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From Vegas to Macau
From Vegas to Macau

Chow Yun-Fat and Nicholas Tse in From Vegas to Macau.
AKA: The Man from Macau
Chinese: 賭城風雲
Year: 2014
Director: Wong Jing, Billy Chung Siu-Hung
Producer: Andrew Lau Wai-Keung, Connie Wong Nga-Lam
Writer: Wong Jing
Action: Li Chung-Chi
Cast:

Chow Yun-Fat, Nicholas Tse Ting-Fung, Chapman To Man-Chat, Jing Tian, Kimmy Tong Fei, Gao Hu, Hui Siu-Hung, Zhang Jin, Philip Ng Won-Lung, Sammy Sum Chun-Hin, Annie Wu, Michael Wong Mun-Tak, Maria Cordero, Tony Ho Wah-Chiu, Philip Keung Ho-Man, Bonnie Wong Man-Wai, Michelle Hu, Winnie Leung Man-Yi, Ricky Yi Fan-Wai, Michael Chan

  The Skinny: Three things make From Vegas to Macau worthwhile: Chow Yun-Fat, Chow Yun-Fat and Chow Yun-Fat. Nicholas Tse and Wong Jing do their part too. A kinder, mainland-friendly gambling film that's big, stupid and very crowd-pleasing. All things considered, we'll take what we can get.
 
Review
by Kozo:

Wong Jing brings back the gambling film with From Vegas to Macau, and he’s got the biggest and best star possible: Chow Yun-Fat. The man who played Ko Chun in the God of Gamblers films returns to the gaming tables for this Lunar New Year release, but his super-expensive presence is only possible with a bigger budget and China co-production status. Also, to appease the mainland market, Vegas requires content adjustments that make it different from genre classics like God of Gamblers. But given Chow Yun-Fat’s performance, the tradeoff is well worth the price. In Vegas Chow speaks his native Cantonese from beginning to end, plus he cuts loose in that playful, charming and inimitable Chow way – a sight that hasn’t been seen since Jeff Lau’s Treasure Hunt a full twenty years ago. As a consistent film experience, From Vegas to Macau doesn’t measure up, but the nostalgia factor goes a long way in making up for the shortcomings. Basically, From Vegas to Macau is review proof, and only your most vociferous Hong Kong film hater will go home completely unhappy.

The “story”: Cool (Nicholas Tse), his father Benz (Hui Siu-Hung) and cousin Karl (Chapman To) are “Robin Hoods of the Underworld” who steal from bad guys and give to the poor. The three head to Macau to meet Benz’s buddy Ken (Chow Yun-Fat), a former gambling king who’s now a security specialist for casinos, and supposedly has the ability to read cards with only his fingertips. Cool wants to be Ken’s apprentice, but Ken is slow to agree. Complicating matters is Ken’s daughter Rainbow (Kimmy Tong), who lusts after Cool, while Karl lusts after Rainbow and the audience snores at this lame love triangle. Meanwhile, Cool’s half-brother, undercover agent Lionel (Philip Ng), runs afoul of Mr. Ko (Gao Hu), the CEO of D.O.A., the “most professional money laundering company in the world.” Seeking justice, Lionel’s partner Lok Chi-Man (Jing Tian) and Inspector Lee (Michael Wong) ask Ken to beat Mr. Ko at gambling, thus hurting his pride and making him mad, after which the authorities will nail him when he makes the inevitable mistake and seeks revenge. Take a second to process that.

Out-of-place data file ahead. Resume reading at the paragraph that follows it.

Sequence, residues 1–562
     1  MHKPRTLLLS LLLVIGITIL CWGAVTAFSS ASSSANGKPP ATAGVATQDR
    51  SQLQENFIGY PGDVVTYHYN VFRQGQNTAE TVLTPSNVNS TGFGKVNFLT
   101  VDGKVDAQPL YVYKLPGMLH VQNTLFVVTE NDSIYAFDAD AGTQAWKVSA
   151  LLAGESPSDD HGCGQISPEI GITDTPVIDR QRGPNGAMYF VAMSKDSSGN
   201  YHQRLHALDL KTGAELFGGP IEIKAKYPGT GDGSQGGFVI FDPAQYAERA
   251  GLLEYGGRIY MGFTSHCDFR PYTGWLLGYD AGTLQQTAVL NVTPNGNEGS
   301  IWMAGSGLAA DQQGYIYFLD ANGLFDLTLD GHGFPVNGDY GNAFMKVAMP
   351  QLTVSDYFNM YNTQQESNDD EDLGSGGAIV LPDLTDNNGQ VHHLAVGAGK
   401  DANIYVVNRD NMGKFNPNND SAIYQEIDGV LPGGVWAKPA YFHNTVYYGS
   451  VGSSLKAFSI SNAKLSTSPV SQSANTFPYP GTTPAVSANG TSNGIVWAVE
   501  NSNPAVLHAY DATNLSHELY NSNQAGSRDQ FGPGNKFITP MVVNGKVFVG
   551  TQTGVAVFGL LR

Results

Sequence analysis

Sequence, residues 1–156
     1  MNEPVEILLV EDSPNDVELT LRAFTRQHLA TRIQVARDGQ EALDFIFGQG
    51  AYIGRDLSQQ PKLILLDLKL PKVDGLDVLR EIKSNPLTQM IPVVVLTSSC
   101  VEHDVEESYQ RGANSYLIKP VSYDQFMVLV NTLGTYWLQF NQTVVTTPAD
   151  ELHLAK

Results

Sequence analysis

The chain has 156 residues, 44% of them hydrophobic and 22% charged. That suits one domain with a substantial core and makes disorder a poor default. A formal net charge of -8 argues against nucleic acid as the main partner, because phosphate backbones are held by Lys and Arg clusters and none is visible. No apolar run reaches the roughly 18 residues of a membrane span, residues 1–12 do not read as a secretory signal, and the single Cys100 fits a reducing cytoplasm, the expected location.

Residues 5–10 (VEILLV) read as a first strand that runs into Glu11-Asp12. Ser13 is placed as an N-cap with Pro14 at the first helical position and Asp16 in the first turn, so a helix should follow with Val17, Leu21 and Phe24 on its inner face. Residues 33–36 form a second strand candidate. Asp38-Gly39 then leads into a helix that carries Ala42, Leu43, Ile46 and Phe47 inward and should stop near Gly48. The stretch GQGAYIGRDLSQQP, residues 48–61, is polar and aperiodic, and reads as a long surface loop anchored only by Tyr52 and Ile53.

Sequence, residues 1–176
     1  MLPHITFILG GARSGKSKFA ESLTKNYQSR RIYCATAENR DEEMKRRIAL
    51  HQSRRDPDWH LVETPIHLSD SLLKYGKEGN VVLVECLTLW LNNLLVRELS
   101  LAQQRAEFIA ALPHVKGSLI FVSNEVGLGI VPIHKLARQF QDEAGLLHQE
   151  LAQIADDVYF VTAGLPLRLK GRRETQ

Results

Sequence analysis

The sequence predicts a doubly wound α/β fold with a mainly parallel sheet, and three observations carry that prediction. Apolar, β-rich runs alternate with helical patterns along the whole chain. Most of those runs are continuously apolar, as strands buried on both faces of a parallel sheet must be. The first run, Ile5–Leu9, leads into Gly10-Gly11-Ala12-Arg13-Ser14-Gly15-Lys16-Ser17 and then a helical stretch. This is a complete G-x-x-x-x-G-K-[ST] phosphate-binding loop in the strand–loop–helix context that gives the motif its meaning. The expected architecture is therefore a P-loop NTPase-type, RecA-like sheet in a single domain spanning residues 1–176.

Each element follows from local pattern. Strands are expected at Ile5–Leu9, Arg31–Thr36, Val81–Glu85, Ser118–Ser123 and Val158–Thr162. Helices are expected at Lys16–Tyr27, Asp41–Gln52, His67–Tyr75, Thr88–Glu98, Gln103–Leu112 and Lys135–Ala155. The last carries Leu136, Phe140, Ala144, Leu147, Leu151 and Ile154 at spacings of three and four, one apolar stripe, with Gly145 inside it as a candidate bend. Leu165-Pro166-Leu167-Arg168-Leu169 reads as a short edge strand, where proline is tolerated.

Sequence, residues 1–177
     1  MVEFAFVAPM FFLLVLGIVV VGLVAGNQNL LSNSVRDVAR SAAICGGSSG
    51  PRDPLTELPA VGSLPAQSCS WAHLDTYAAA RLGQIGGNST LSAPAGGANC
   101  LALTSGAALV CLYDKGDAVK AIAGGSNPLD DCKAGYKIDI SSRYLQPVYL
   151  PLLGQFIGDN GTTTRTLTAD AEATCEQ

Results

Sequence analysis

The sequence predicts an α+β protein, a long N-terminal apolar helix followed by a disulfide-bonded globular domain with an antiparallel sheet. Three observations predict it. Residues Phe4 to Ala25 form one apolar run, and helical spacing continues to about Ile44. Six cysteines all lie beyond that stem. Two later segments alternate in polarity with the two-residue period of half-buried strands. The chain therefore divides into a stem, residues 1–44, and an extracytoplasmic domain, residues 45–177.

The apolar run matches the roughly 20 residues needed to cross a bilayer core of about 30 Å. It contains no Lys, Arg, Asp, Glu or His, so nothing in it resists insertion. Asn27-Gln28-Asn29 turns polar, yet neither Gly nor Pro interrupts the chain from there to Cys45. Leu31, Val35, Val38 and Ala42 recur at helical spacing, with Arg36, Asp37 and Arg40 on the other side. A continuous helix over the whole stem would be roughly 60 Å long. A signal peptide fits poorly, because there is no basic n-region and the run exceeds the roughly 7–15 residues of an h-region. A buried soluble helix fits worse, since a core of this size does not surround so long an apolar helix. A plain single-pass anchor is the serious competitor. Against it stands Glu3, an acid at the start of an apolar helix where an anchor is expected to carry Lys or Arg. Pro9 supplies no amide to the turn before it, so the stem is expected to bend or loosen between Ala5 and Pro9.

Frankly, Lok Chi-Man and Inspector Lee’s plan could be the dumbest law enforcement strategy ever, though it ends up working better than it should thanks to the coincidental relationship between Lionel, Cool and Ken, plus some fortuitous events that bring a secret spy camera into Rainbow’s possession. Basically, this is one of the most circuitous and ridiculous excuses for a story ever put to film, plus many details are massaged to allow the film to play in China. Ken isn’t an active gambler – he’s a casino employee, and when he does gamble it’s for charity and not personal gain. Cool swindles for justice, and everyone works with the cops to do anything remotely shady. Previously, uncanny gambling victories were explained with intricate chicanery or supernatural power (like in the Stephen Chow God of Gambler films), but here they’re explained with technology or simply not at all. You could handwave this stuff away and say that it doesn’t matter all that much, and it’s fine if you do because that’s what Wong Jing did.